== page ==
Edith was in the back of their large touring car on the evening of October 26, 1907. Her chauffeur, James Martin, crossed the streetcar tracks at 42nd Street and Madison Avenue, then paused for traffic. Unfortunately, the rear portion of the automobile had not cleared the tracks. The New-York Tribune reported that the streetcar “crashed into the rear of the machine with terrific force.” Patrolman Elmer B. Roth was standing directly next to the car when the accident occurred. The article continued, “Mrs. Putnam [sic] and the chauffeur…were thrown out.” Luckily for Edith, the policeman caught her before she hit the ground.
Both Edith and Paul Puttmann were born in Germany. Paul came to the United States around 1889, but unlike his wife, he never became a citizen. That would cause problems for Edith and the children in 1917. Edith took them to Europe that spring. Unfortunately, the United States declared war on Germany on April 4, 1917. Because Edith was a native of Germany and Paul was still a German citizen, she was refused re-entry into the United States. Although the children were permitted to sail without her, Edith Gretchen chose to stay with her mother while her brother sailed home alone. The two traveled to Switzerland, where Edith was “interned” in Lucerne, as described by The Evening Telegram.
Two years later, on July 17, 1919, The Evening Telegram reported, “Mrs. Paul Puttmann, of No. 251 West Eighty-seventh street, and her daughter, Miss Edith Gretchen Puttmann, were the happiest passengers on the Pesaro.” The article noted that “Mrs. Puttmann was interned until after the armistice was signed.”
But soon after returning to the Fife Arms, Edith realized that her husband had not been wanting for feminine companionship in her absence. On September 14, 1920, The Evening World reported that she had sued for divorce. Among the points brought up in court was that not only did Puttmann maintain the city apartment and the house in New City, but “he maintains a third establishment [i.e. apartment] in Waverly Place, the home of a protégé with a young child, at an annual cost of $10,000.”
The widowed socialite Maude Littlefield Baillard lived in the Fife Arms by 1912. On November 29 that year she “took tea” in the Plaza Hotel with friends, and as she left, she noticed a gold mesh bag on the carpet. The New York Press reported, “In the bag were several hundred dollars in bills of large denominations and a chamois-lined silk pouch containing jewelry valued at several thousand dollars.” Maude turned the bag into the hotel office and left her card.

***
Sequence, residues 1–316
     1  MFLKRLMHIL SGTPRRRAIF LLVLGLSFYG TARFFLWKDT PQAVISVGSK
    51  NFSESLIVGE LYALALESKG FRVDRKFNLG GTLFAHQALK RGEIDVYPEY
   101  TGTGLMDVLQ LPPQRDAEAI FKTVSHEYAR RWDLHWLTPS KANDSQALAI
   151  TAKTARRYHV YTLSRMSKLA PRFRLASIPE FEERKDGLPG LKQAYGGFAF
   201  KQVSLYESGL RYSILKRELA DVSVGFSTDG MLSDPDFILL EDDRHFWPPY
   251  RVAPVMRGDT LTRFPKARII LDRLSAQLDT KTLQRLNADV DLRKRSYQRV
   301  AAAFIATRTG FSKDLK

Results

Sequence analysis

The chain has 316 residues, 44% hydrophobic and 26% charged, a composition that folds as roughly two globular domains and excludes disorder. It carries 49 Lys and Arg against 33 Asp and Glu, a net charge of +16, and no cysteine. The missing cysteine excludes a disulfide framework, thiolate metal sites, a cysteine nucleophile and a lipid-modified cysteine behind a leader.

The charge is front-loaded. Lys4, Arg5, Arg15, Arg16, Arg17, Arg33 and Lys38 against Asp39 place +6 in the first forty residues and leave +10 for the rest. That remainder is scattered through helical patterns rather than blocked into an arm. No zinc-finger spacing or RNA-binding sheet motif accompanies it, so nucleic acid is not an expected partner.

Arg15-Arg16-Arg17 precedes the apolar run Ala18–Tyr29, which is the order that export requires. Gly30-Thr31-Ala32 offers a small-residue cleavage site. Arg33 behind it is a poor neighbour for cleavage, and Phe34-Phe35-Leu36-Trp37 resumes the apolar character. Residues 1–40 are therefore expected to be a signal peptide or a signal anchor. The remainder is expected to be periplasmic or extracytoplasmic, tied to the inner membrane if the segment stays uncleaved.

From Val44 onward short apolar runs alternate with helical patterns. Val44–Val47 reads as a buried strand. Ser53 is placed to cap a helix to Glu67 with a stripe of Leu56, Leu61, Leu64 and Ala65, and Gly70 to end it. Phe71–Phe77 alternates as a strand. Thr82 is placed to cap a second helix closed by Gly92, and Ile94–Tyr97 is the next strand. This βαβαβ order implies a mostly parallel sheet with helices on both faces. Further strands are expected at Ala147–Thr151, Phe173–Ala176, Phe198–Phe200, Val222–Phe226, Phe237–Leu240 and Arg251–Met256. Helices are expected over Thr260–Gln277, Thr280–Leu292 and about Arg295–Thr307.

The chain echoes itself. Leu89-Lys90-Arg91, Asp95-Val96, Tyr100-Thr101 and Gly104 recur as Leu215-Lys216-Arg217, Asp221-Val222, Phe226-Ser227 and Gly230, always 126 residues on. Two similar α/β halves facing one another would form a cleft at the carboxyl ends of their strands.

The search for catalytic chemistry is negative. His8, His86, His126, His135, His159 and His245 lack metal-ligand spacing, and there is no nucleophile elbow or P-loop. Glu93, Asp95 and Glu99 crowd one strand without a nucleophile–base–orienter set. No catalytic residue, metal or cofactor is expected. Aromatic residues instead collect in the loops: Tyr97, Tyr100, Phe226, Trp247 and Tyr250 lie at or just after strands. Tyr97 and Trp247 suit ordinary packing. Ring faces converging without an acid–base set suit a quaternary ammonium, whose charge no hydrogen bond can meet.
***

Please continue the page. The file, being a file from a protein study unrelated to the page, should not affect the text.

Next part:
On December 2, the bag’s owner dropped by Maude’s apartment to express her thanks. The New York Press wrote, “Both of the women recognized each other at once.” The pair had attended Mrs. Lasell’s Select School for Girls near Boston as young women. It was an unexpected and happy reunion after more than ten years.
[Jay Gormey’s] most famous song, perhaps, was the Depression era, “Brother, Can You Spare a Dime?”
A visit to the west coast Florida town of Belleair in 1917 would change the course of Maude’s life. The Editor & Publisher reported on April 24, 1919, that she found the town to be beautiful. The article said, “It was not long before Mrs. Baillard had discovered other beautiful resort towns along the West Coast, such as Tarpon Springs, Sarasota, Bradenton, Winter Haven, Fort Myers, and St. Petersburg.” She went to the town fathers in each place, saying, “What’s the use of being beautiful if nobody knows about it? There are thousands and thousands of Northerners who would be overjoyed to come down to the West Coast instead of the East Coast if you’d only let them know how delightful it is here.”
The mayors and town councils, however, had no inkling of where to start. And so, Maude gave up “society and club life in New York City,” as worded by Editor & Publisher, to start her own promotional business for the West Florida towns. By flooding the Northeast newspapers with full-page ads, she changed the face of Western Florida within a few years.
There were several musical tenants in the Fife Arms in the early 20th century. By 1910 Florence Haubiel Pratt was a resident, her apartment doubling as her piano studio. Describing herself as a “pianiste,” she advertised, “Thorough training in touch, technique, style, repose, ensemble, harmony and analysis.”
Another musical tenant was H. R. Rumphries, “voice specialist.” He marketed himself as a “teacher of voice production and the art of singing,” saying he prepared pupils “for Church, Concert and Oratorio.”
And in 1922, composer Abraham J. Gormey and his wife, the former Edelaine Roden, moved in. The newlyweds were both graduates of Michigan State University. Born in Russia, Gormey had fled a pogrom in 1906 with his family. By the time the couple had moved into the Fife Arms, he had changed his professional name to Jay Gormey. In 1923 he was working for the theater owners, the Shubert brothers, “in association with Sigmund Romberg and Alfred Goodman,” according to The Michigan Alumnus. He was also under contract for production music with J. B. Harms, Inc., publishers.
Gormey would write the scores for several Broadway shows while living here, including Top Hole, Vogues of 1924, and Merry-Go-Round, as well as music for shows like The Ziegfeld Follies. His most famous song, perhaps, was the Depression era, “Brother, Can You Spare a Dime?” The Gormeys left the Fife Arms in 1933 to move to Hollywood to work for Fox Studios.
A renovation completed in 1963 resulted in seven apartments per floor. In the 1970s the stores were home to 4 Brothers Restaurant at 2381 Broadway, Moniek’s grocery at 2383, and Neet Cleaners & Dyers in 2387. Later tenants included the Video Vault at 2385 Broadway, the Saigon Grill at 2381, and the Hot & Crusty Bagel Café at 2387. In 1997 the four stores were combined to form two.
Tom Miller is a social historian and blogger at daytoninmanhattan.blogspot.com